TABLE A______________________________________       GOVERNORENGINE      LEVERRPM         POSITION    Q(MM/STROKE)______________________________________2400        A, B, C,    162200        D           141900        E           121600        F           111300        G           10.51000        H           10.0 700        I, J        9.5______________________________________

Claims (19)

We claim:
1. A method comprising:
(A) providing a dual fuel internal combustion engine which includes
(1) a combustion cylinder,
(2) a primary fuel supply system which supplies a primary gaseous fuel to said combustion cylinder,
(3) a pilot fuel supply system which supplies a liquid pilot fuel to said combustion cylinder and which includes a pump and a fuel supply rack which is connected to said pump and which is movable to vary the fuel delivery quantity per stroke of said pump, and
(4) a governor, wherein said governor includes an actuating lever the position of which determines the position of said rack and a portion of which is positioned externally of said engine;
(B) commanding an engine operating condition;
(C) sensing engine operating conditions;
(D) determining, based upon said steps (B) and (C), a desired pilot liquid fuel delivery quantity per stroke required for the commanded engine operating condition;
(E) determining, based upon said steps B and C, a desired primary gaseous fuel delivery rate required for the commanded engine operating condition;
(F) supplying said primary fuel to said combustion cylinder from said primary fuel supply system at said desired primary fuel delivery rate;
(G) determining, based upon said step (D), a governor setting required to cause said pump to supply said pilot liquid fuel at said desired pilot liquid fuel delivery quantity per stroke; and
(H) during said step (F), automatically displacing said portion of said governor actuating lever to move said rack to a position which causes said pump to deliver said pilot liquid fuel at said desired quantity per stroke, wherein said steps (F) and (H) continue during engine speed changes.
2. A method as defined in claim 1, wherein said displacing step comprises actuating a piston and cylinder device to which said actuating lever is coupled.
3. A method as defined in claim 1, wherein said determining step comprises sensing a throttle pedal position and engine speed.
4. A method as defined in claim 3, further comprising sensing a governor actuating lever position.
5. A method as defined in claim 1, further comprising calibrating said system by determining governor actuating lever positions providing designated pilot liquid fuel delivery quantities per stroke under designated engine operating conditions.
6. A method as defined in claim 5, wherein said calibrating step further comprises
(1) sensing engine speeds under engine operating conditions at which liquid fuel delivery quantities per stroke required to obtain said engine speeds are known,
(2) sensing governor actuating lever positions at each of the sensed engine speeds, and
(3) creating and storing a table of governor actuating lever position versus engine speed and liquid fuel delivery quantity per stroke.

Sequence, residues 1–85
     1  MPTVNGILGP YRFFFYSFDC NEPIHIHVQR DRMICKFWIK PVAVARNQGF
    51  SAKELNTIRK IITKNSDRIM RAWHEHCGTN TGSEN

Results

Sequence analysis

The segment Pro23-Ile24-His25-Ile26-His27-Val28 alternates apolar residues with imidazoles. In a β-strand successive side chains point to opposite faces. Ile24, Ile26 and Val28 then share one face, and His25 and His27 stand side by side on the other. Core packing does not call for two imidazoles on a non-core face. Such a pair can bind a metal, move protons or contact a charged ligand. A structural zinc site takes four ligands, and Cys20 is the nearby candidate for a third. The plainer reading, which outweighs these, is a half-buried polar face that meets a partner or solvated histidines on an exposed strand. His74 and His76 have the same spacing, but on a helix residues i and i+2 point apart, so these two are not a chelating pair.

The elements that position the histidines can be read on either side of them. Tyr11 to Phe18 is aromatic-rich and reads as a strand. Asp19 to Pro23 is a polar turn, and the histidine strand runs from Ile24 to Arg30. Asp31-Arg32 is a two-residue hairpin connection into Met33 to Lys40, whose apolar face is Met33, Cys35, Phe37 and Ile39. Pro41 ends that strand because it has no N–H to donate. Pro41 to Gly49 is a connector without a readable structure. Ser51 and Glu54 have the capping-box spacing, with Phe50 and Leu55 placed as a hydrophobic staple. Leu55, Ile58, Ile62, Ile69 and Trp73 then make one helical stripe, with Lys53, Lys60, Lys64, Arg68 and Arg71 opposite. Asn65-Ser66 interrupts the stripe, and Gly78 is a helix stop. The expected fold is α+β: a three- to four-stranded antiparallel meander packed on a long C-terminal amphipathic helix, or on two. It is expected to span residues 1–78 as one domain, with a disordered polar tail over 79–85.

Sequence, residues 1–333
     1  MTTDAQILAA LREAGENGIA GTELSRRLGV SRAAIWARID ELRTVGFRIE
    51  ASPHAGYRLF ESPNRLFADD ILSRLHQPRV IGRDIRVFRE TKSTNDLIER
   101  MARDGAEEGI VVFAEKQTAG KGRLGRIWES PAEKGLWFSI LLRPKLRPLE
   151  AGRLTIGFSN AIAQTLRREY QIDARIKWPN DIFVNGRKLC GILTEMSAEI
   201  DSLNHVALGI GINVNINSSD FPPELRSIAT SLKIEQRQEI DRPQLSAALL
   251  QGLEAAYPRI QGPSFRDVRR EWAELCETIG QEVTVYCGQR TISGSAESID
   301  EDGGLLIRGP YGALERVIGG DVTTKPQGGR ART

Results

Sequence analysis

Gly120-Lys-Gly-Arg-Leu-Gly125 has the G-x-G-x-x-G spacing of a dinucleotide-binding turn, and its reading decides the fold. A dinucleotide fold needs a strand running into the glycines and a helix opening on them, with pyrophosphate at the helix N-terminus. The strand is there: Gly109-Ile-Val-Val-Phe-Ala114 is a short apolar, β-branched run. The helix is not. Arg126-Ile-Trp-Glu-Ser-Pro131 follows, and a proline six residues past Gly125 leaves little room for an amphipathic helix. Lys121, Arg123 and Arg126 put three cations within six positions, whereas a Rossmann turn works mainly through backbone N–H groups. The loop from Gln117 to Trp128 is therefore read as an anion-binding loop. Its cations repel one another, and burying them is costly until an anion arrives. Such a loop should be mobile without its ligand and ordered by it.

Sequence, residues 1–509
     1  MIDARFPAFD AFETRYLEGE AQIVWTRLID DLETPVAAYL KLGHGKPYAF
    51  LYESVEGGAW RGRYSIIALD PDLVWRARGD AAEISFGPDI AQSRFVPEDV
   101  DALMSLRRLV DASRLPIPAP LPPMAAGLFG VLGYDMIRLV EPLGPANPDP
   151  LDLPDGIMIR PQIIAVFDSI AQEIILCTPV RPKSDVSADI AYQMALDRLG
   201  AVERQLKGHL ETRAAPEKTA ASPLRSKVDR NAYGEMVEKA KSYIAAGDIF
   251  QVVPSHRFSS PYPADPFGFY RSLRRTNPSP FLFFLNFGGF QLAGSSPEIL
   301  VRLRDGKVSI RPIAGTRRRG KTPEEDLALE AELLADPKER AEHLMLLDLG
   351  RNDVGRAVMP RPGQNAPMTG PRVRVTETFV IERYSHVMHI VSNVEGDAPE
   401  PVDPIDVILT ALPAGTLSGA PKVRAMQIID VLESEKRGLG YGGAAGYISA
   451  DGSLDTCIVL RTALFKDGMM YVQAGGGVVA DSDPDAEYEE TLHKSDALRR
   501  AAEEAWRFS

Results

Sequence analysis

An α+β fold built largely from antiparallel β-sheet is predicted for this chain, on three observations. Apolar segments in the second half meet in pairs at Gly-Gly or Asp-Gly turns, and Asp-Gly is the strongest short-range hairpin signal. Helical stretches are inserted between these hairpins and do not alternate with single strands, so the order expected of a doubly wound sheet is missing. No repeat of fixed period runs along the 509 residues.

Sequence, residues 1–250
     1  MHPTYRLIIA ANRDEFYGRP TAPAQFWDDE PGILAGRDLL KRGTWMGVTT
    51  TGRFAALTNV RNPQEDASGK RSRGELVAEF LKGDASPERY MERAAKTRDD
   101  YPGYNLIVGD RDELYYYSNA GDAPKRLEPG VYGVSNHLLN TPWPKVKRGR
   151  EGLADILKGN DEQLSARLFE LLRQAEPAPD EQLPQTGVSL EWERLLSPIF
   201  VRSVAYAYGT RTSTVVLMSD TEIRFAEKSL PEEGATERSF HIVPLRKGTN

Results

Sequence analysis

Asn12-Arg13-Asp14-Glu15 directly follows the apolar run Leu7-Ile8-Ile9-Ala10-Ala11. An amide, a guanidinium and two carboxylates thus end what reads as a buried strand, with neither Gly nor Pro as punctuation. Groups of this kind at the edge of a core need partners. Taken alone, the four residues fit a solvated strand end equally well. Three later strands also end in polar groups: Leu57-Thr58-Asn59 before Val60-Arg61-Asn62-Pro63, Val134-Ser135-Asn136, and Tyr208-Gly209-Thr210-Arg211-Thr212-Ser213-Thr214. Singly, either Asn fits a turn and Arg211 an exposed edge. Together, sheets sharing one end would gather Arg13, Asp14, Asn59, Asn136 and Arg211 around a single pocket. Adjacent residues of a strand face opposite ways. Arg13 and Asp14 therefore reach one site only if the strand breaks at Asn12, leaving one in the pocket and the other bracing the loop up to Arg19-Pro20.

7. A method as defined in claim 1, wherein said step of commanding an engine operating condition comprises displacing a throttle pedal to command an engine speed.
8. A method comprising:
(A) determining a desired pilot liquid fuel delivery quantity per stroke required for a commanded engine operating condition for a dual fuel engine, said engine being fueled primarily by a gaseous fuel; and then
(B) automatically controlling a governor of said engine to cause a pump of said engine to deliver said liquid fuel at said desired quantity per stroke, wherein said governor is a type which is designed to use a principle of governor droop to set said pump at a position required to cause an actual engine speed to approach a commanded engine speed, wherein said step (B) is performed while said gaseous fuel is being supplied to said engine, and wherein said gaseous fuel and said pilot liquid fuel continue to be supplied to said engine during engine speed changes.
9. A method of calibrating a pilot liquid fuel supply system of a dual fuel internal combustion engine, comprising sensing governor actuating lever positions at designated liquid fuel delivery quantities per stroke and storing the sensed positions in an electronic memory, wherein said calibrating step further comprises
(1) sensing engine speeds under engine operating conditions at which liquid fuel delivery quantities per stroke required to obtain said engine speeds are known,
(2) sensing governor actuating lever positions at each of the sensed engine speeds, and
(3) creating and storing in said memory a table of governor actuating lever position verse liquid fuel delivery quantity per stroke and engine speed.
10. A method comprising:
(A) providing an internal combustion engine which includes
(1) a combustion cylinder;
(2) a pilot fuel supply which supplies a liquid fuel to said combustion cylinder and which includes a pump and fuel supply rack which is connected to said pump and which is movable to vary the fuel delivery quantity per stroke of said pump,
(3) a primary fuel supply system which supplies a primary gaseous fuel to said combustion cylinder, and
(4) a governor which includes and actuating lever the position of which determines the position of said rack and a portion of which is positioned externally of said engine, said governor being of a type which is designed to use a principle of governor droop to said said rack at a position required to cause an actual engine speed to approach a commanded engine speed;